Sunday, June 13, 2010

Spiritual Disciplines or the Means of Grace?

We've all heard of the various methods that are supposedly the keys to hastening our sanctification. We are people of the new nature, the Christ nature, and we want to be conformed more and more into the image and likeness of Christ—a Spirit-wrought desire. But these methods, the ones we have come to know as spiritual disciplines, are they really the means to the receiving of Christ's enablements? The most famous of these "disciplines" is the proverbial "quiet time" wherein one purposefully sets aside an appropriate amount of time each day to spend in private prayer and Bible study. Now, times of private devotion are commendable and even necessary, but I would venture to say that when the "quiet time" becomes one's chief "means" of the attainment of Christlikeness, as what medieval monasticism and more recent pietism advocate, then we have a problem.

If faith is the way by which we are united to Christ, then we must ask how the Spirit, the Person of the Trinity tasked with the progressive transformation of our characters, creates and strengthens this faith in us. The historical, confessional, Reformed church (another way of saying the church that holds to apostolic doctrine) has always recognized that the Spirit quickens faith through the means of grace. What are these means? No, not journaling, blanking out the mind, or even fasting; they are the Word, the sacraments, and prayer.

It is quite easy to see how the preaching of the Word and the administration of the sacraments cannot be effected in the privacy of one's room when one is alone, and even less appropriately in one's pajamas! This is because the Christian life was meant to be corporate, in the context of the local, visible church. Sanctification will not progress if one is not a member of a local church and receiving the preached Word and sacraments. Times of solitude, though needed sometimes, is not particularly more "spiritual" than being faithful in attending to the means of grace—and attending to the means of grace is not possible without being concomitantly faithful to keeping the Sabbath holy in church attendance.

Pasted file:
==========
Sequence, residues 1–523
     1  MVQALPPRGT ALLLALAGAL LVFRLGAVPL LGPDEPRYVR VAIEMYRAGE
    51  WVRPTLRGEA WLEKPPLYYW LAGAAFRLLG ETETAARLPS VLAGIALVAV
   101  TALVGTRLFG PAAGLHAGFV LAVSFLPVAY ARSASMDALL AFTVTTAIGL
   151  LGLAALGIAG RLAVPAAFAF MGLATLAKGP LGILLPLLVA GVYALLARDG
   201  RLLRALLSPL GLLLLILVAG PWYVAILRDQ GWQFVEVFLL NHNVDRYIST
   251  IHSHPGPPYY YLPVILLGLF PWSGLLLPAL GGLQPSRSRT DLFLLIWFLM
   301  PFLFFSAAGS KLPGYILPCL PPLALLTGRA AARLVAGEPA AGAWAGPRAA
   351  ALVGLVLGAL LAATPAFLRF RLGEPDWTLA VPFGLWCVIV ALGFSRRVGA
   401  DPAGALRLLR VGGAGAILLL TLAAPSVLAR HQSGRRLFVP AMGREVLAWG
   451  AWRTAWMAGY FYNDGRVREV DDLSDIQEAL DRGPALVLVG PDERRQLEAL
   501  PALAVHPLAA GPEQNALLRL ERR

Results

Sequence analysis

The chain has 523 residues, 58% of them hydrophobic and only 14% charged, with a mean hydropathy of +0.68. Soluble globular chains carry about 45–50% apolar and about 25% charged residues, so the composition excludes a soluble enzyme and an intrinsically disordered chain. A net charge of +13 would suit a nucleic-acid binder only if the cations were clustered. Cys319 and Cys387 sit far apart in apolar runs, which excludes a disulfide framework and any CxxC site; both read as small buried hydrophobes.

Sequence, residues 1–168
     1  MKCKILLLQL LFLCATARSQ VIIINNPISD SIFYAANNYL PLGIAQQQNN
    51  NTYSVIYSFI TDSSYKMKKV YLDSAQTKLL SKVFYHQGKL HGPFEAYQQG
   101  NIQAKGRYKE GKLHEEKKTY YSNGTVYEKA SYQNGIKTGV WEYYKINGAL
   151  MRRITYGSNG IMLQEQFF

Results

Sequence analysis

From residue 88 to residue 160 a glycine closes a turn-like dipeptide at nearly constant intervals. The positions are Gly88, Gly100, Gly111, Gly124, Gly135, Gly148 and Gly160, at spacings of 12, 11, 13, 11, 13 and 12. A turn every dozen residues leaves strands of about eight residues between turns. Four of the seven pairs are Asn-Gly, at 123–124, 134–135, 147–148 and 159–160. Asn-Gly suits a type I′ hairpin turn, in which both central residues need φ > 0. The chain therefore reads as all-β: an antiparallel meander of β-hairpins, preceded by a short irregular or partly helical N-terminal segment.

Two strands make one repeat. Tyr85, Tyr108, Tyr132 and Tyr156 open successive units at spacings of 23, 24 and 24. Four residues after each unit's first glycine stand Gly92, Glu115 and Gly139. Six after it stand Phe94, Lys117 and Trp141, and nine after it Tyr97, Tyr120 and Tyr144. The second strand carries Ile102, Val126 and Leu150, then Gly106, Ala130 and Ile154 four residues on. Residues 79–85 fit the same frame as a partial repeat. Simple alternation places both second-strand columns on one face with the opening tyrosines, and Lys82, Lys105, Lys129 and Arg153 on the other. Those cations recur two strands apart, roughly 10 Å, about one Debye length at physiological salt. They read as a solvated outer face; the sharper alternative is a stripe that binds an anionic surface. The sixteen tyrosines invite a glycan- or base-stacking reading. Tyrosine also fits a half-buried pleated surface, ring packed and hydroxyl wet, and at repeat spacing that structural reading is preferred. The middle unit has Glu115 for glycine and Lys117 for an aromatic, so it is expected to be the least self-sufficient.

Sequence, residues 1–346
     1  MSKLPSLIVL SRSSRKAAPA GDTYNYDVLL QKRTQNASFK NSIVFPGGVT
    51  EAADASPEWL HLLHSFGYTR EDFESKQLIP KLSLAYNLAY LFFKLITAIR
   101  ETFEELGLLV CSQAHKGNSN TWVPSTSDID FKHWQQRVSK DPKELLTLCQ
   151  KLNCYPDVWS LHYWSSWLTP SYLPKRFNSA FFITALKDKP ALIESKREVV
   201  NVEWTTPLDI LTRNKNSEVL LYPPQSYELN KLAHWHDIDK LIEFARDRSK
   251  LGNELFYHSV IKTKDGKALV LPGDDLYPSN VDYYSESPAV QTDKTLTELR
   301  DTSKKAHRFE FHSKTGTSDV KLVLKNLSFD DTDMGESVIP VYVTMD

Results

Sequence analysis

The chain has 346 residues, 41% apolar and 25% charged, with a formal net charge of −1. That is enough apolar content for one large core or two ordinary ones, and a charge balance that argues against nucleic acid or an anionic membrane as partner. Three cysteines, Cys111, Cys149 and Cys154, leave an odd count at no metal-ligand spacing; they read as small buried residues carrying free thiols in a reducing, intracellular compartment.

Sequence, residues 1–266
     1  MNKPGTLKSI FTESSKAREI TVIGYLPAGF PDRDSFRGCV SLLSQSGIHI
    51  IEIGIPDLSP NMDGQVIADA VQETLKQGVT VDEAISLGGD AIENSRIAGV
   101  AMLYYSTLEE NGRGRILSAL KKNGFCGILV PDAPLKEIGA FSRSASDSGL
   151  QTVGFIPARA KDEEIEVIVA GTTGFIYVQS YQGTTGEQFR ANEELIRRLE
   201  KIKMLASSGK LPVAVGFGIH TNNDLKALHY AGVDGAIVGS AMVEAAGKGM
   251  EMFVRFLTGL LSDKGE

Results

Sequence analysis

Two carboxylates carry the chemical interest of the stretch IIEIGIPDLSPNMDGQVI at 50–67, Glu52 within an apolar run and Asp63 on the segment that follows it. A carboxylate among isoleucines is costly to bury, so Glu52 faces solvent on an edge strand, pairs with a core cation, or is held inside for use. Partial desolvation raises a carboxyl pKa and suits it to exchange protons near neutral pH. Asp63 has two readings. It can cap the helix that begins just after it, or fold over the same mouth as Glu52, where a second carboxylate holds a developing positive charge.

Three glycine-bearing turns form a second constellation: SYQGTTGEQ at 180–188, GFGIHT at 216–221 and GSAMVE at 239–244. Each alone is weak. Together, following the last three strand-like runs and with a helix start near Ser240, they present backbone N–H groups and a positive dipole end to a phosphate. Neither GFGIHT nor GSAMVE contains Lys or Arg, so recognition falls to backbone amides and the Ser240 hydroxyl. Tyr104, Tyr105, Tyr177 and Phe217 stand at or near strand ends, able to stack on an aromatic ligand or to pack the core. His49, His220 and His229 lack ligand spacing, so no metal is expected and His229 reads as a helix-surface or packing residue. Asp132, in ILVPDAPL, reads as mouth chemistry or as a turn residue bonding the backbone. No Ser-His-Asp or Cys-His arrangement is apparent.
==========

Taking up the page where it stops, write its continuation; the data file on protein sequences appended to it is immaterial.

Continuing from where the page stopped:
It really seems to me that if more of us would disrobe ourselves of our monastic habits (def. robe of a monk) and instead put on our best Sunday church clothes, then more Christlikeness would be apparent in us.

"Consider how William Perkins (1558—1602), the father of English Puritanism, described the Christian life. In his 1558 catechism, The Foundation of the Christian Religion Gathered into Six Principles, he made it clear that conversion is not ordinarily a momentary or epochal experience and certainly not chiefly a private religious experience, but rather and ordinarily the result of the prevenient grace of justifying faith which comes through the hearing of the preached gospel and the consequent grace of sanctification received in the means of grace administered in the church. In the first part of the Foundation, Perkins summarizes briefly the six principles. Under the fifth principle he asks,

Q. What are the ordinary or usual means for obtaining faith?
A. Faith cometh only by the preaching of the Word and increaseth daily by it: as also by the administration of the sacraments and prayer.

This is virtually identical to the language of HC Q.65. The only difference between the HC and Perkins is that the latter added prayer as a means of grace, a position later taken up by the Westminster divines in the WCF 14.1.

Many years later, in his 1586 A Treatise Tending unto a Declaration, Perkins addressed the question of how sinners, who are part of Christ's visible church, which is composed of believers and unbelievers, can know that they are in fact Christians, that is, 'in a state of grace.' There can be no question whether Perkins was zealous that Christians have a deep and healthy experience of communion with Christ through His Spirit. Nevertheless, the place where Christians find their assurance in the gospel is in the hearing of it preached and in the administration of the sacraments. Perkins wrote at length about the inward work of the Spirit in convicting sinners of their need for a Savior and the 'benefits of Christ' that accrue to believers, but he always connected these operations of the Spirit to the preaching of the Word and the administration of the sacraments. The empirical evidence to which Perkins appealed was not a peculiar emotional or heightened state of religious experience, but a joyful reception of God's Word preached, regular attendance to the means of grace, and condemnation of those who do not attend to the means of grace" (R. Scott Clark, Recovering the Reformed Confession (New Jersey: P&R Publishing Company, 2008), 334—335).

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